Generally speaking the better-known the performer and track, the more it will cost. There are no set fees for commercial music, and all rates are negotiable.
Under current EU Law, if the composer(s) died more than 70 years ago, then the music is usually no longer in copyright and you won't need a synch license, though sound copyright may still need clearing. (Always check to confirm)
This is music scored especially and exclusively for your production. It can be expensive and there are no fixed rates so it's a question of agreeing a fee.
Audio Network provides this service and can advise on the costs, best composers to work with and the different ways of approaching the project.
Contact us for more details and assistance.
This term is used to describe the type of library which allows you to buy music and then use it as much as you like in productions.
It is important to read the small print to know the limits of where the production can be used and distributed.
Audio Network does not offer Royalty-Free Music.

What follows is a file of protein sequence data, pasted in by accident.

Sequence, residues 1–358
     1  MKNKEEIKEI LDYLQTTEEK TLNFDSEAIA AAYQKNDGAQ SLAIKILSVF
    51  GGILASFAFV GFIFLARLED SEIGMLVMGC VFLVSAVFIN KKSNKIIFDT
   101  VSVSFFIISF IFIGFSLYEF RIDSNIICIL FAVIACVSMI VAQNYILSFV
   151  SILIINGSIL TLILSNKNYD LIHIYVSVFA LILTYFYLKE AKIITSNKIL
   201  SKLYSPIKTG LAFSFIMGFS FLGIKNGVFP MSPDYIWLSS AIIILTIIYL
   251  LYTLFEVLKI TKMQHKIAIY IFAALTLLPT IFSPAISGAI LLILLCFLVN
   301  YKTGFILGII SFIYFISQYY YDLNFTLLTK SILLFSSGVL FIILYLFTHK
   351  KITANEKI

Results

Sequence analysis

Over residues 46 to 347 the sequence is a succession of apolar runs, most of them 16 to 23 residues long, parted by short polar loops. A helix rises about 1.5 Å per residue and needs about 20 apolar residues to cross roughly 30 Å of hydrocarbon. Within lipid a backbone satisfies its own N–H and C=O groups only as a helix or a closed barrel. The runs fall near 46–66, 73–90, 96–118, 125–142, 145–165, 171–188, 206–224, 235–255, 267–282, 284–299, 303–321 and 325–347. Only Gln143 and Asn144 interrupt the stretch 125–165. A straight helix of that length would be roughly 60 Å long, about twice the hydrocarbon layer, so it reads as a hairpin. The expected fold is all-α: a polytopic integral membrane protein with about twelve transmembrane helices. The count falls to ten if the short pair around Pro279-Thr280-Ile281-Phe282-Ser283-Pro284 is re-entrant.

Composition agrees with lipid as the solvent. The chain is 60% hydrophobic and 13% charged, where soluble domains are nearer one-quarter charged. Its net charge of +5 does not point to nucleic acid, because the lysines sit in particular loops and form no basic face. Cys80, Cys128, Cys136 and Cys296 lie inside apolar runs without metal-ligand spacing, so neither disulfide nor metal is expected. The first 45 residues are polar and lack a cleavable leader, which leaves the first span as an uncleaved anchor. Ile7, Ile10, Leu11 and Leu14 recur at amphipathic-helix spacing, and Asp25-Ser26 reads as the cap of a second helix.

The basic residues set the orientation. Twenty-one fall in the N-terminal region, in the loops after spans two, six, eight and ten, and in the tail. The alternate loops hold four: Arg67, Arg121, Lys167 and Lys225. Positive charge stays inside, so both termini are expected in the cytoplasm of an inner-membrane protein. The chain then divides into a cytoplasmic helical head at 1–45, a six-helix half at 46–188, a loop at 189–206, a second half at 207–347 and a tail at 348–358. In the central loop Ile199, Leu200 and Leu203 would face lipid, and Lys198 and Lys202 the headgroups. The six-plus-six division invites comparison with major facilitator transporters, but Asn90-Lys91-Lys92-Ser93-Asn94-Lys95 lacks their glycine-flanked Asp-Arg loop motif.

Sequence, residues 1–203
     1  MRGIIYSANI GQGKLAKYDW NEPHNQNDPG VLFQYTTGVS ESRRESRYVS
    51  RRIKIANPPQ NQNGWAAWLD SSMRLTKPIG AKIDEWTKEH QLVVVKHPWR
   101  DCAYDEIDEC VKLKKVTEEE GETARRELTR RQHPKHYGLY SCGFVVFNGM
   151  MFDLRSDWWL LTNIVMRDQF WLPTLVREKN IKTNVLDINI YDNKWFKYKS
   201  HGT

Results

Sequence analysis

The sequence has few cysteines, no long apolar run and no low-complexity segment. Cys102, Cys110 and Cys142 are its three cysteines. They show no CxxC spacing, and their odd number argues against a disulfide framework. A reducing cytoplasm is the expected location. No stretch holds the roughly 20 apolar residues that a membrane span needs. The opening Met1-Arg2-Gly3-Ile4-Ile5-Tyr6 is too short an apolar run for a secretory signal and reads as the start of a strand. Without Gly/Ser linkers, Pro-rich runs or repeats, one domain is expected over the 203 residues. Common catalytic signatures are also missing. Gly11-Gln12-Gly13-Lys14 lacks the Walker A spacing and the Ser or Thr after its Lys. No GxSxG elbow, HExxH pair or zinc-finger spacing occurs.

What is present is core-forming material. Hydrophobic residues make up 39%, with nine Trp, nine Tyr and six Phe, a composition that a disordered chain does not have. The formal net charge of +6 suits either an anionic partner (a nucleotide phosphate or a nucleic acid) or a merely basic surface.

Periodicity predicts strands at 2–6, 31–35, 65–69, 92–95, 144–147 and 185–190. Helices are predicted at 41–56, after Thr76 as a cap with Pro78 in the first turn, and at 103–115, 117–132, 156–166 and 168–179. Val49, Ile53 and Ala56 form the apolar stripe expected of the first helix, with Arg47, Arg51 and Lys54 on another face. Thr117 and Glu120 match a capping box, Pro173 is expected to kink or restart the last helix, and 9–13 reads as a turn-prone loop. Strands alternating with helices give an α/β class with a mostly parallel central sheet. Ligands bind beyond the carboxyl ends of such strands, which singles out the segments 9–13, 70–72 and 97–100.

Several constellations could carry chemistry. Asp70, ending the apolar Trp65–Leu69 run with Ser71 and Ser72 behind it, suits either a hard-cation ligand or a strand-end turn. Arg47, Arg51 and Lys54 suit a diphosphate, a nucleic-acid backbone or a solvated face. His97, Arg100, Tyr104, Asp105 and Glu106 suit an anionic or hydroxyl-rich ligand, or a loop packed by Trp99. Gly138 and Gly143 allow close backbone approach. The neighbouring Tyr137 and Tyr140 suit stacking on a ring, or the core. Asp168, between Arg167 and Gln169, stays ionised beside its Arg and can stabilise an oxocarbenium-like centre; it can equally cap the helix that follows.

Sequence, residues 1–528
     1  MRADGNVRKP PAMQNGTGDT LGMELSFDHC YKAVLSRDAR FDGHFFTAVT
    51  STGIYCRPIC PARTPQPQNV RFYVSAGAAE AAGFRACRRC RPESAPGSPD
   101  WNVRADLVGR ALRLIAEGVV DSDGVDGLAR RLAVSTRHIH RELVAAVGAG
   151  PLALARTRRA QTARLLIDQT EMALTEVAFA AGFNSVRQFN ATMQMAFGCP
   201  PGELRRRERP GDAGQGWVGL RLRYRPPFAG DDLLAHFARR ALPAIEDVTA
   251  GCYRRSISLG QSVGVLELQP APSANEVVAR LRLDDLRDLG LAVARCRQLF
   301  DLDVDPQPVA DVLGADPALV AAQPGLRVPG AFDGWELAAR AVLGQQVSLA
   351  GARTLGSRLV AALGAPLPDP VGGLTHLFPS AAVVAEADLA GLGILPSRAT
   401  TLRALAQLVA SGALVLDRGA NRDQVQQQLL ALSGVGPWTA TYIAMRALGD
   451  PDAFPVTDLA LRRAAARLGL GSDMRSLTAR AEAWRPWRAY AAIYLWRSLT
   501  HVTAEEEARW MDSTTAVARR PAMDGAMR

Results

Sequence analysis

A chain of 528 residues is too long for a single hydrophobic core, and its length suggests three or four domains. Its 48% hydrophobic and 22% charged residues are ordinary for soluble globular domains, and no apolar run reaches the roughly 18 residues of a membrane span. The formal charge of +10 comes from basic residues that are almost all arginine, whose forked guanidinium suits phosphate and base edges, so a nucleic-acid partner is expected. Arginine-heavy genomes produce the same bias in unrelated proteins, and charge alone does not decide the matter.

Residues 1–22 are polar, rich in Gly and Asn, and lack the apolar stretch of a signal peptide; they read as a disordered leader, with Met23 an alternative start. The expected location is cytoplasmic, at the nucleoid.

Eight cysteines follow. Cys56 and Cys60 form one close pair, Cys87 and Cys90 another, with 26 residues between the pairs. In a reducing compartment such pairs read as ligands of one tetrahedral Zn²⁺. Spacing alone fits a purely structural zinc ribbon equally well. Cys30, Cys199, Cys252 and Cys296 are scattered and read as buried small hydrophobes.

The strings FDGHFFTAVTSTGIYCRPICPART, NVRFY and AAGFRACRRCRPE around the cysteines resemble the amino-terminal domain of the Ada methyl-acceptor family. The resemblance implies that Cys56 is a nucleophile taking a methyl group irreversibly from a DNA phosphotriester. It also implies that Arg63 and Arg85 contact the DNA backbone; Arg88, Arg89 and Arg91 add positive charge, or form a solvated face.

These give you the right to synchronise a musical composition with your film. A ‘synch’ licence is usually obtained from the publisher of the music you wish to use, and is required whatever the type of music you are using.
The only exception to this is music which is public domain (usually where the composer has died more than 70 years ago). Even when you have secured a synch licence you will still require a dubbing/master licence covering the sound recording of the musical composition you wish to use.
Dubbing, or Master Rights give you the right to dub (or use) the sound recording of a musical work onto your film. The sound recording copyright is usually owned by the record company that released the recording, and the owner can usually be identified from a ℗ symbol in the sleeve notes.